The MELIK, a guide-blade gunboat, was ordered by the Admiralty for service with the Egyptian Army in 1896, from the Chiswick shipyard of John I Thornycroft. Construction was rapid, and she was delivered the following year, with two sisters, the SHEIKH and SULTAN, built by Yarrow’s at Poplar, also on the Thames.
All three ran contractor’s trials in Britain, and were then dismantled into carefully marked sections and shipped to Ismailia in Egypt. From there the sections were shipped up the Ismailia Canal to the Nile and then southward to Wadi Halfa on the Sudan frontier. There they were loaded onto railway wagons and conveyed across the Nubian Desert on the newly built Desert Railway to Abu Hamed. In the summer or 1898 they finally reached the point or re-assembly at Abadieh, near Berber. Under the supervision on Major W. S “Monkey” Gordon (a nephew of General Gordon) they were finally re-assembled and launched on the Nile.
The new gunboats joined a flotilla of seven older gunboats, but their formidable firepower gave them a great advantage: 12-pounder (76mm) guns, 5-inch (127mm) howitzers and rifle-calibre Maxim guns. These were manned by NCOs of the Royal Marines and Egyptian Army gunners, but the crews were a remarkable mixture of naval and civilian personnel, including Sudanese, Egyptian, Maltese, Greek and British. The flotilla was commended by a British naval officer, Commander C Keppel RN, while six of the remaining gunboats were commanded by lieutenants, and three by Royal Engineer officers attached to the Egyptian Army. No fewer than three future flag officers commanded Nile gunboats, of which one, David Beatty, became C-in-C Grand Fleet and ultimately First Sea Lord.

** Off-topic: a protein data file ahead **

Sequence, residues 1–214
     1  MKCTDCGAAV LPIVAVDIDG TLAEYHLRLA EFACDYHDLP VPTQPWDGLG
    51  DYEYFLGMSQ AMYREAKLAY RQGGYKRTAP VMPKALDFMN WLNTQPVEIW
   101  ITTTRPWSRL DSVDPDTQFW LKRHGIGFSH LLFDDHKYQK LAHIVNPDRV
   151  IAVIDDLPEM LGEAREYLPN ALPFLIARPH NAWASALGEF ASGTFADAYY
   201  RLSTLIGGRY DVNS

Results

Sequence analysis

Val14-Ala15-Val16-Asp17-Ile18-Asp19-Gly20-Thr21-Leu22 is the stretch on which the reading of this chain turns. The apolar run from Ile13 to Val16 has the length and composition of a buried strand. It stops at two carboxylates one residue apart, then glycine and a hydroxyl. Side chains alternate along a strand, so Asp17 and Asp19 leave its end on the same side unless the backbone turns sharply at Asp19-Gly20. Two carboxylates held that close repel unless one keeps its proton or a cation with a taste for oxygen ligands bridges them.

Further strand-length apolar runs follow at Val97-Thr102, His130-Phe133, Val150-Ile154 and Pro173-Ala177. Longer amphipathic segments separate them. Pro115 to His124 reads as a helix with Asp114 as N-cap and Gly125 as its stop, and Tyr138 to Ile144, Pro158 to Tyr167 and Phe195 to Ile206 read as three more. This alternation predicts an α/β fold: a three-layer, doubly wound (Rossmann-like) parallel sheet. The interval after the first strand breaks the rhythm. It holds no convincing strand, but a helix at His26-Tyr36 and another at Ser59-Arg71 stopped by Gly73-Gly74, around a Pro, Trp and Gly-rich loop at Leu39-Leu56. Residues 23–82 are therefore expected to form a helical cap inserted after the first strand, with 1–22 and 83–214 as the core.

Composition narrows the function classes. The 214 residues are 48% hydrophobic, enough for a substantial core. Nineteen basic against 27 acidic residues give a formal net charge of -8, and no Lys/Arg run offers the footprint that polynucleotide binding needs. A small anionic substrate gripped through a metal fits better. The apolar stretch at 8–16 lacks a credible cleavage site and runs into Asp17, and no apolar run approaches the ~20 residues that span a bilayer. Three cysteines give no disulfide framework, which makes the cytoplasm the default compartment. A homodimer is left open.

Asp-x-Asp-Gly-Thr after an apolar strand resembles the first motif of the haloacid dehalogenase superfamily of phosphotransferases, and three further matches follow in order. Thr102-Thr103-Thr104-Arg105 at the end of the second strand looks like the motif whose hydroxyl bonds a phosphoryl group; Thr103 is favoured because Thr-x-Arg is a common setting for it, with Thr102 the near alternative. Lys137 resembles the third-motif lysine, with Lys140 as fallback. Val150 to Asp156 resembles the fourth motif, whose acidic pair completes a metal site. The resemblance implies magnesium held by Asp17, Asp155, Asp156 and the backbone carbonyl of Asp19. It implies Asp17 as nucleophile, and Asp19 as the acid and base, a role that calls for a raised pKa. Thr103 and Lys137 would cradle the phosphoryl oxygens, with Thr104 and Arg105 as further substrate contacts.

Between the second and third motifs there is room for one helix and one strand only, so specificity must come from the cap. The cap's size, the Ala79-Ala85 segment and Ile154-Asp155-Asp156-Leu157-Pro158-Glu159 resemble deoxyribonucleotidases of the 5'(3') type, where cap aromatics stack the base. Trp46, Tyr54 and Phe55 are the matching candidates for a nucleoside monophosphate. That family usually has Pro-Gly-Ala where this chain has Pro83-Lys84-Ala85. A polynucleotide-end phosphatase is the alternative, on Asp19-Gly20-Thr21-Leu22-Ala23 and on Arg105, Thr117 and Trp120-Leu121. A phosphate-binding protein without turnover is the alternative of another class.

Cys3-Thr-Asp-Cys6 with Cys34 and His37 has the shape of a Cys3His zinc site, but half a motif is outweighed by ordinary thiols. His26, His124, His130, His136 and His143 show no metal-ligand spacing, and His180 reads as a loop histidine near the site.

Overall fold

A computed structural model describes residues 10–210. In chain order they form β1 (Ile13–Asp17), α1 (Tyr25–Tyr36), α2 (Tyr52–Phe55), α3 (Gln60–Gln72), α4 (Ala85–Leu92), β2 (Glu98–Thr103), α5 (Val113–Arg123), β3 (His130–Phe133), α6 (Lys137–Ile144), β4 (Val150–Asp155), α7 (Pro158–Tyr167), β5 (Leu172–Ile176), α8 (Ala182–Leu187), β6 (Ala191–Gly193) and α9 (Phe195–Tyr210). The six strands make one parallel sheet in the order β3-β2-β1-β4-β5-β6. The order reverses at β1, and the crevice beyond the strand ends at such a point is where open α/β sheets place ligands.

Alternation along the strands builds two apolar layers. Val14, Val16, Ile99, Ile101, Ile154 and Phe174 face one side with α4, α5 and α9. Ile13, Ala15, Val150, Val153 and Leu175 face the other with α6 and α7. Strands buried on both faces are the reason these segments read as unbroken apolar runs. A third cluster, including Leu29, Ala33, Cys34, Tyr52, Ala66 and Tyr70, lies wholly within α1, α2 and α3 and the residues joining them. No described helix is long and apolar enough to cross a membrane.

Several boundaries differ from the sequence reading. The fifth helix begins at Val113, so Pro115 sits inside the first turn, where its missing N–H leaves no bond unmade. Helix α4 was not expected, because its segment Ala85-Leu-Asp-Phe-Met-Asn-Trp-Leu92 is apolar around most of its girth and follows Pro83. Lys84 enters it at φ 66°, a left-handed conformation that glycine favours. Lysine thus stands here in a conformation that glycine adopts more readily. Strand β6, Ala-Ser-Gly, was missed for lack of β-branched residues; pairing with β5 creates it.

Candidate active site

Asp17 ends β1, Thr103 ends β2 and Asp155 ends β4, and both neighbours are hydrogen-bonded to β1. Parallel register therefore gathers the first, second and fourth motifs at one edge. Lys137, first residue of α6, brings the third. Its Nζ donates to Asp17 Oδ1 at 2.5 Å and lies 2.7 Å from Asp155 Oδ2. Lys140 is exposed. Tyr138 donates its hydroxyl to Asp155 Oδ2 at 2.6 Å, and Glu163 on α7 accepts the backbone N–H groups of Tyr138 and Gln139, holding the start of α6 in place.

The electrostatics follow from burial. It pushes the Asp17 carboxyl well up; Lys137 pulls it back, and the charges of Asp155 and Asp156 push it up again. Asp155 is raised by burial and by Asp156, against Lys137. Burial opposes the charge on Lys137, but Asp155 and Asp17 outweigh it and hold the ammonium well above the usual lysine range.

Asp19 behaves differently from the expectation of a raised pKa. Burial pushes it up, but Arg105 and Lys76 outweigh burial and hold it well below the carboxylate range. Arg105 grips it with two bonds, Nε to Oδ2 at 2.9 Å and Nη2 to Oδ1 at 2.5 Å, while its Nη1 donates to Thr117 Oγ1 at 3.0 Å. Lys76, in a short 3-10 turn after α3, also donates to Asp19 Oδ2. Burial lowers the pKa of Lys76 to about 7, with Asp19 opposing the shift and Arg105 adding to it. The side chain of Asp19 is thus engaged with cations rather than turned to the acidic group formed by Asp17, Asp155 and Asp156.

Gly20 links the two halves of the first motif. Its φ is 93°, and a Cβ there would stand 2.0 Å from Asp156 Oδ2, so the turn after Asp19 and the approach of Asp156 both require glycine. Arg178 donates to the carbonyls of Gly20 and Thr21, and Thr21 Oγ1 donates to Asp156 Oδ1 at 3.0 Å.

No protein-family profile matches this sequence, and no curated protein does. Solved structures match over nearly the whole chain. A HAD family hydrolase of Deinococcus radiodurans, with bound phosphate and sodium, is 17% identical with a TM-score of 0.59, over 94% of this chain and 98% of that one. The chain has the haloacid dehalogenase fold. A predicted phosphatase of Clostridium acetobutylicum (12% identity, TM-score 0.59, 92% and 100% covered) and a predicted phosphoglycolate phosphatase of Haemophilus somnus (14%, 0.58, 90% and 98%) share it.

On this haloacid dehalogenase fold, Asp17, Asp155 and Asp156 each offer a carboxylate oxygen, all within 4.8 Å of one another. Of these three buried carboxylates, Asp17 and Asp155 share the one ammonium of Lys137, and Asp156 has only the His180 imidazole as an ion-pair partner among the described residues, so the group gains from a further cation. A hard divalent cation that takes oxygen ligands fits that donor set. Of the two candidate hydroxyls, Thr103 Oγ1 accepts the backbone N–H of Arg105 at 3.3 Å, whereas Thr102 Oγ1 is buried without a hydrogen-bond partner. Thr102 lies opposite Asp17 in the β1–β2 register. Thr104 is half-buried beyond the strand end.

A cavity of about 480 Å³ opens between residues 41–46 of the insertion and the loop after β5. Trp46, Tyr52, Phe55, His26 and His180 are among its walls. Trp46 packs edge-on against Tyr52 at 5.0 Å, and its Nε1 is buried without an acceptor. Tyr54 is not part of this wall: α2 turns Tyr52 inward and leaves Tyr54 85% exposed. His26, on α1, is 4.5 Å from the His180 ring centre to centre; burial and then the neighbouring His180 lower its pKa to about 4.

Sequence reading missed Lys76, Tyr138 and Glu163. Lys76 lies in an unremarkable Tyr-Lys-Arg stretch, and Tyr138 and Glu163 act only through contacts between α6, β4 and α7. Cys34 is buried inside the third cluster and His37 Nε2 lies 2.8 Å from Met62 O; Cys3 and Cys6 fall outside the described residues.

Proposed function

Keppel’s gunboat, the ZAFIR, foundered while attempting to ascend the Shabluka Gorge, but the rest of the flotilla passed through the last Cataract and kept pace with the Anglo-Egyptian Army right up to the battle of Omdurman on 2nd September 1898.
The MELIK was almost certainly the first warship to carry a cine-camera in action. It was brought on board by the correspondent of the Illustrated London News, Frederick Villiers, but it broke down, so no cine-film of the battle was shot.
Two days after the battle, on Sunday 4th September, the MELIK transported Kitchener and his staff form Omdurman to the ruined Governor’s Palace in Khartoum.
In 1926 when the Melik was retired from government service and leased to the Blue Nile Sailing Club (BNSC) she had a long career in front of her as its club-house. By the early 1980s rust was seriously corroding her bottom plates. In spite of the efforts of the Club to keep her afloat she was in grave danger of sinking at her moorings. In 1987 she was swept ashore by an exceptional flood – an event that undoubtedly saved her from an ignominious end.
Up until then, apart from in 1938 participating in the Alexander Korda film, The Four Feathers, and the war years when she was used for transport by the Sudan Defence Force, the Melik lay moored to the river bank. Here, for many years as part of the BNSC boat yard, she was a landmark and focal point for many generations of boat owners and their crews. The unmistakable silhouette of her tall funnel, high upper works and long straight-stemmed hull, set against the green of the mahogany trees lining the avenue behind her, providing a welcome sight to all those afloat.